1. Ruth says:

    Fascinating story. Dogs are a lot more intelligent that we give them credit. Thanks White Wolf. Read you everyday. xx

  2. Unknown says:

    It is said that wolves became the first to approach humans as humans lived in caves where there was warmth and protection from severe weather. The wolves came into the caves toward the fire and soon as you say they became more friendly toward the human as if they were appreciative of their grace. I love the study of history and dogs. Thank you for sharing with us.

  3. Frederik says:

    I'm waiting for the day that some sense-making scientist finally will admit that wolves and dogs (and foxes, hyenas, jackhalses and wild dogs) always have been seperate species! And quit publishing imaginative and confusing stories. Speculations and theories are NOT to be confused with actual facts...

  4. Alex says:

    As heard on the french radio a few weeks ago, it seems that domestication is a two-way process. Scientists have discovered that domesticated animals have smaller brains than wild ones (this being explained by the atrophy of danger-detection areas of the brain) but the funny fact is that through the period of time during which we domesticated dogs, our own brain did lose some weight (it was not the danger-related zone but our sense of smell that diminished)

  5. Anonymous says:

    Frederik, Science from a pre-historic time table is speculation unless they have actual facts such as bones and cave paintings etc. I believe the scientist provided quite a few valid facts about wolves and humans whether pre-historic or modern. I love White Wolf web site..

  6. "Scientists" are wont to flaunt their beliefs as fact and teachers, often stupid people who merely read and regurgitate statements, pass on these "scientific facts". I have long held that "domestication" of wolves into today's dogs was an error and this article further strengthens this. Neither species "needed" one another, Both were highly successful hunters and providers for their respective "packs". That humans were and are sloppy and most often foul their surroundings only provided fodder for scavenging wolves. It is far easier to scavenger than hunt for elusive prey. And, if one or more animals are more disposed to wolf/human contact than a continuing battle then the inevitable will seem to occur.Cats are almost entirely independent whilst dogs, even from birth, more often seek companionship with humans and adapt their needs and responses to that of human packs. Highly intelligent, dogs will almost always, unless presented with often typical brutish human actions, gravitate to the human pack and seek membership. In these cases, and coupled with their highly developed ability to read gestures and movements, are very capable of fitting right into a human family or a human group. That wolves have been victimized as monsters for hundreds of generations is only proof of human's brutishness and limited abilities of adaptation with surrounding fauna.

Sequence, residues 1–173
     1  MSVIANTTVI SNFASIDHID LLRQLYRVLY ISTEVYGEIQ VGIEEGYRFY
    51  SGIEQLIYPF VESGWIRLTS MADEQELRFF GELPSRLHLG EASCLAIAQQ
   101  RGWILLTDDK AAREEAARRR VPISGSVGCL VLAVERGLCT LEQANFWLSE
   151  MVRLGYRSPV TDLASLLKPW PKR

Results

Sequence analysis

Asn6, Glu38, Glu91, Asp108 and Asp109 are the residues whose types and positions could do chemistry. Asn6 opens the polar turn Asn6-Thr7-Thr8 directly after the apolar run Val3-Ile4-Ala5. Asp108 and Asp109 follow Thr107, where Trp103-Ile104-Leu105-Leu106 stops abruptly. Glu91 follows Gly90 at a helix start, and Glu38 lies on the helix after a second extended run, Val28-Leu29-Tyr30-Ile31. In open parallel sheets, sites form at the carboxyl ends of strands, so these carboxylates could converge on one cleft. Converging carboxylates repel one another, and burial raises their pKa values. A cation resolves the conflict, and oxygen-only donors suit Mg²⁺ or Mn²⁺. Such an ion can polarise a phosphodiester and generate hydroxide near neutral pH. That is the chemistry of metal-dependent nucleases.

7. Anonymous says:

    Now its time to begin educating people to leave the wolves for the wolf packs, in the wild, instead of trying to domesticate them. To many of them revert back to their wild instincts and cause serious problems. To many are killed and put down because of mans greed and ownership status.I watched a black timber wolf brought in to captivity, it was one of the saddest sights to see. He packed non stop in a small pen and would never be tamed, it was cruel what they did to him. They took him from his family, commrades and freedom to be a breeder in captivity. Even he wasn't happy with that arrangement!

  8. And what, @Frederik, is the scientific basis for your assertion that wolves, dogs, jackals, hyenas, etc. have "always been separate species?" I mean, if you go back for enough, there really are no separate species at all.

  9. And what, @Frederik, is the scientific basis for your assertion that wolves, dogs, jackals, hyenas, etc. have "always been separate species?" I mean, if you go back for enough, there really are no separate species at all.

  10. All animals are far more intelligent than we goofy humans would like to believe. Dogs/wolves, like humans, rely on familial groups and being the bright creatures they are probably realized and understood the similarities between our two species. Of course, if we had never fed the beasts they would never have come near us. Even today, food is the main goal of the average dog. If we didn't feed them from day one dogs, cats, and our other "pets" would not much care for us. Food is the unifier, after food comes attention and then love.

    Being the family oriented creatures they are they no doubt fit in perfectly with humans who are also family oriented. After learning they could manipulate the humans out of some food they probably figured they'd stay around the human camps. After a while they most certainly would have learned how to best get along with the humans and would have understood that to continue to live with the creatures that fed them and kept them warm, they too would have to hunt with the humans (humans would most likely have used dogs/wolves because of their superior sense of smell and tracking capabilities).